The range of figures quoted during today's debate on the cost of reducing class sizes was considerable. Much depends on the underlying assumptions. I do not want to get too technical in this Second Reading debate and I hope noble Lords will forgive me if I do not do so. Two past pieces of independent research show a cost of around £65 million a year for the reduction of class sizes. That is within the sums that we shall be saving from the assisted places scheme in the next five years. We need, of course, to review the costings with local authorities. I am absolutely ready to concede that a review will have to take place as we go along. As the noble Baroness, Lady Perry, said, we intend to talk to local authorities and consider the costs in the light of all the practical issues that they will have to face. Of course, there are practical issues when one makes any change of this kind, but we shall address them.

The noble Lord, Lord Henley, asked about the mechanisms for ensuring that the money saved would be used to reduce class sizes. Available funding will be distributed between authorities on an equitable and transparent basis and in the light of needs. The distribution must reflect past decisions by authorities so that we do not penalise those who have already taken measures to cut class sizes by favouring primary schools in their spending decisions. Initially at least we expect to ring fence the APS savings to be spent on specific measures to reduce infant class sizes. However, as I said, the details of the process will be discussed with local authorities and others in the coming weeks. I do not think noble Lords could expect me at this stage to have every fine detail in place on how that will be achieved. I ask for the understanding of noble Lords in that respect.

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In answer to the noble Baroness, Lady Perry, the noble Lord, Lord Henley, and others, this Bill is about the phasing out of the assisted places scheme to help us to meet our pledge on class sizes. We shall provide full details on the arrangements to achieve smaller class sizes in the White Paper and in the autumn education Bill. However, what is clear is that phasing out the assisted places scheme will lead to significant savings to help us meet that pledge and to reduce infant classes by the end of this Parliament.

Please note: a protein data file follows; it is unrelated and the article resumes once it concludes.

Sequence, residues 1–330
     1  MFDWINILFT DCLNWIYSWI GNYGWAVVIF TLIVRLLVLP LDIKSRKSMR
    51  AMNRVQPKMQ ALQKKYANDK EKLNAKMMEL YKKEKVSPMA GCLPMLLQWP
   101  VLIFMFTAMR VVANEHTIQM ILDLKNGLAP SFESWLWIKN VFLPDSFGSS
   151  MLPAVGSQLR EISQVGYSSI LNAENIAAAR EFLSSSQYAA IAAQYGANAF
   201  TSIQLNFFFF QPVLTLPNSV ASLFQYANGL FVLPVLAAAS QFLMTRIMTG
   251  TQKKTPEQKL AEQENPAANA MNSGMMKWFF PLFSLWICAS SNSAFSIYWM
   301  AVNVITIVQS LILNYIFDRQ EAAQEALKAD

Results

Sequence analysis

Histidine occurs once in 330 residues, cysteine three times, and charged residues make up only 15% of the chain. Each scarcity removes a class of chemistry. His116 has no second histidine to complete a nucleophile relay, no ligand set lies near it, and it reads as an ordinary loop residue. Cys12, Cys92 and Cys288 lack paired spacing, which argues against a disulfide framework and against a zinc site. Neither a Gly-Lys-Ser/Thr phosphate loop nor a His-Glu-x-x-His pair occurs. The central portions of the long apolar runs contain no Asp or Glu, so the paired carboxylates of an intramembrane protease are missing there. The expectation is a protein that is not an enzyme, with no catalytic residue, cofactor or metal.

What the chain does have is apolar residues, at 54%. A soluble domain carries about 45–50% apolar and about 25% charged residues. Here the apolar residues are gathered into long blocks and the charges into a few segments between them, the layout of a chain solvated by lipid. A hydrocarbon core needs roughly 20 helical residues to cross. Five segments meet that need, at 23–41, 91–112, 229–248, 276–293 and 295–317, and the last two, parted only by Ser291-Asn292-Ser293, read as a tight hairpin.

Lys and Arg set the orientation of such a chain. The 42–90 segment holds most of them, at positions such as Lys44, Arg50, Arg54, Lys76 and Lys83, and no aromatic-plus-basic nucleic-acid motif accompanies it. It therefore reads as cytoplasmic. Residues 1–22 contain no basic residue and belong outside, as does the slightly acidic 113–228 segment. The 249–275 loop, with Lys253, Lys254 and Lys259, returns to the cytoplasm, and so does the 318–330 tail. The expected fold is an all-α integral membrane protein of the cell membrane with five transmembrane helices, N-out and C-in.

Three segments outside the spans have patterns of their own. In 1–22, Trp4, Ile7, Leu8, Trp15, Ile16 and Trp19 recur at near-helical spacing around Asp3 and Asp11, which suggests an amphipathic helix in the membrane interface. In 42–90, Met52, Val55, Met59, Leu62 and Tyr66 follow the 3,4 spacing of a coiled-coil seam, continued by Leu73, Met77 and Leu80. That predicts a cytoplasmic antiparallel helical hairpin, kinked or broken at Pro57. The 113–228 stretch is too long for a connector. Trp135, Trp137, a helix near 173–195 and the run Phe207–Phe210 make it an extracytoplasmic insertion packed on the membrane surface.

The noble Lord, Lord Butterfield, said that he has grandchildren. I, too, have grandchildren. I have a five and a half year-old granddaughter in a local authority primary school and she has three year-old twin sisters who are about to start in a nursery school. I want my grandchildren to benefit from this Bill. I want to see excellent primary schools and classes of a size that makes it possible for teachers to achieve that excellence.

I turn now to a number of concerns that were expressed as regards the impact on the maintained sector of abolishing or phasing out this scheme. Various dire predictions were made by the noble Lord, Lord Skidelsky, but I think they were based on a false premise that all the places would be withdrawn with immediate effect. The noble Lord shakes his head. I take it back if that is not what he meant. I reinforce what I have already said; namely, that we are phasing out, not abolishing, this scheme outright. The noble Lords, Lord Skidelsky and Lord Henley, claimed that there would be significant extra cost to the state sector. However, I think I am right in saying that they were assuming average costs when marginal costs are the relevant measure here. Incidentally, I am particularly grateful to the noble Lord, Lord Skidelsky, for his kind words about my appointment. We do not always agree about many aspects of education but debating with him has always been enjoyable and challenging and it is always conducted in a good natured way. His intervention today was rather more good natured than, I am afraid, were the speeches of some noble Lords opposite.